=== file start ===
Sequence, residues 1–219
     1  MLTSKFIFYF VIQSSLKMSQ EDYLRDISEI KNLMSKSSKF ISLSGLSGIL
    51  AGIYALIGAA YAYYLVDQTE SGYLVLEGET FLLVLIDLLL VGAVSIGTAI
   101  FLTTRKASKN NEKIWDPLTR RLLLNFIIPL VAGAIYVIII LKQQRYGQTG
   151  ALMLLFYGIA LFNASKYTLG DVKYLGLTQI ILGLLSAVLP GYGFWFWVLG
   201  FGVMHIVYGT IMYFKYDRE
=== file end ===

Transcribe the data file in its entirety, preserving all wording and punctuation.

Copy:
Sequence, residues 1–219
     1  MLTSKFIFYF VIQSSLKMSQ EDYLRDISEI KNLMSKSSKF ISLSGLSGIL
    51  AGIYALIGAA YAYYLVDQTE SGYLVLEGET FLLVLIDLLL VGAVSIGTAI
   101  FLTTRKASKN NEKIWDPLTR RLLLNFIIPL VAGAIYVIII LKQQRYGQTG
   151  ALMLLFYGIA LFNASKYTLG DVKYLGLTQI ILGLLSAVLP GYGFWFWVLG
   201  FGVMHIVYGT IMYFKYDRE